FRANKFORT, KY – On Wednesday, January, 6, 2021 legislation titled the Born-Alive Infant Protection Act passed the Kentucky Senate Veterans, Military Affairs and Public Protection Committee.
The measure, known as Senate Bill 9, would require that an infant born alive to be given the appropriate medical care to preserve life. Any violation of SB 9 could result in the medical provider's license being revoked and felony charges.
The measure's sponsor, Sen. Whitney Westerfield, R-Crofton, said SB 9 would also formalize that any born-alive infant shall be treated as a legal person in state statutes.
"It really provides exactly what it says," said Westerfield. "It requires a child born alive from any circumstance, whether it's an abortion that didn't work or a premature birth or whatever the circumstance might be. It is not just limited to abortions. But if a child is born alive, it must be given medical care consistent with whatever its needs are."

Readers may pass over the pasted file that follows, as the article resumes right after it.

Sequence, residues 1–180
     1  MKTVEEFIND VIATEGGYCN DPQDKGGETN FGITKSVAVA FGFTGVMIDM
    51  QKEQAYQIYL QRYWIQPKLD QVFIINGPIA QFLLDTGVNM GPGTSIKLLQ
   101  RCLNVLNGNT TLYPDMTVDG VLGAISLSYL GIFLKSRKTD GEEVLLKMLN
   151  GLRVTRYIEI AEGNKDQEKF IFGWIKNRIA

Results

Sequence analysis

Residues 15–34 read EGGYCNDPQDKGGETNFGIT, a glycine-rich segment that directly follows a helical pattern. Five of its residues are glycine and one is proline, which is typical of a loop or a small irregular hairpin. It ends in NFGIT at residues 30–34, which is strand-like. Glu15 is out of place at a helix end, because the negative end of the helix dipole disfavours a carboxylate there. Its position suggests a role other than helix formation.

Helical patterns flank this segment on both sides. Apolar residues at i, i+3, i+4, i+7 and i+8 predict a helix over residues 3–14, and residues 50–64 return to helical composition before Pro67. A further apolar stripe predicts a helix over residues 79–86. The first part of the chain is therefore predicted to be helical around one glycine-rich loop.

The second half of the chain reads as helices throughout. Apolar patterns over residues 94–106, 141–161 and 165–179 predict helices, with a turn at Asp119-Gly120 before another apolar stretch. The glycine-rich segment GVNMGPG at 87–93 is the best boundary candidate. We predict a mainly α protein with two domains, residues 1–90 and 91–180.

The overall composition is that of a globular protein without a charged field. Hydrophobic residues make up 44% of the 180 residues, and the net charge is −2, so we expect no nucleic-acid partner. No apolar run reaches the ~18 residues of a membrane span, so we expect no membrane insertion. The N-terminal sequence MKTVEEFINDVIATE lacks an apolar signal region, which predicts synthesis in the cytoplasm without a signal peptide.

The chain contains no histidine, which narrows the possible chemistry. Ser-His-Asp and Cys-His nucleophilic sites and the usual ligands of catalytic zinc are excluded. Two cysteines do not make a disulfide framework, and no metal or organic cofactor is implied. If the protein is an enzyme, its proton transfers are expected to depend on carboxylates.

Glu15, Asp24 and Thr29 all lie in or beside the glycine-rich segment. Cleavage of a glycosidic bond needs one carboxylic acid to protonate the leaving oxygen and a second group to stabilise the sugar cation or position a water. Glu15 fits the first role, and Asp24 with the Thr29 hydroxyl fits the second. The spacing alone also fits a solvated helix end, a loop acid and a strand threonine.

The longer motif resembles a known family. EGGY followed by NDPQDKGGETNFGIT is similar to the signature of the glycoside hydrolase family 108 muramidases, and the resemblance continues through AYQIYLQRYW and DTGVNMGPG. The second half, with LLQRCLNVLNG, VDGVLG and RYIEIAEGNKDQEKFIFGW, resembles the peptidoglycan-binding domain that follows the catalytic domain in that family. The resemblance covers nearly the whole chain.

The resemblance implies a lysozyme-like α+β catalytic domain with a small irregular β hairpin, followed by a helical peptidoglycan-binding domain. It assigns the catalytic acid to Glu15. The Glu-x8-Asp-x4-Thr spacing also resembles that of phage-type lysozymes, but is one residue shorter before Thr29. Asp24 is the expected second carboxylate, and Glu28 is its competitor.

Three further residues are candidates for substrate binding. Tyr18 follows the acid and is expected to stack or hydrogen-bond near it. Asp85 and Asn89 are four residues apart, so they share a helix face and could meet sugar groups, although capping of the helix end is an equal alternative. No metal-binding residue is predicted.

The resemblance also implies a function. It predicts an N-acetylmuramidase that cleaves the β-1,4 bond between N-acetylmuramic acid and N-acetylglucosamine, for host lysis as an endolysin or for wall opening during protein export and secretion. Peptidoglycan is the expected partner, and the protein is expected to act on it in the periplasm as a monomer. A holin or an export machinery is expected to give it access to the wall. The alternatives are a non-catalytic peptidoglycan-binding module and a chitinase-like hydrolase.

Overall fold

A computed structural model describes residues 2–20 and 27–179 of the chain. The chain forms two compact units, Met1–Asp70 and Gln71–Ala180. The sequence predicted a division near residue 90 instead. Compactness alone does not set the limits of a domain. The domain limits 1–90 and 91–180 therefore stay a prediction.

The General Assembly passed a similar bill in the final days of the 2020 session, but it was vetoed after the legislature had adjourned for the year.
In response to questions, Westerfield said SB 9 was necessary because a federal law addressing the issue did not contain an enforcement mechanism. Westerfield also said he wasn't aware of any other Kentucky law that addressed the specific circumstances addressed by SB 9.
SB 9 contains an emergency clause, meaning it would become effective immediately if it is passed into law rather than 90 days after adjournment of the legislature. The bill now goes to the full Senate for further consideration.
Left: Sen. Whitney Westerfield, R-Crofton, speaking on Senate Bill 9, titled the Born-Alive Infant Protection Act.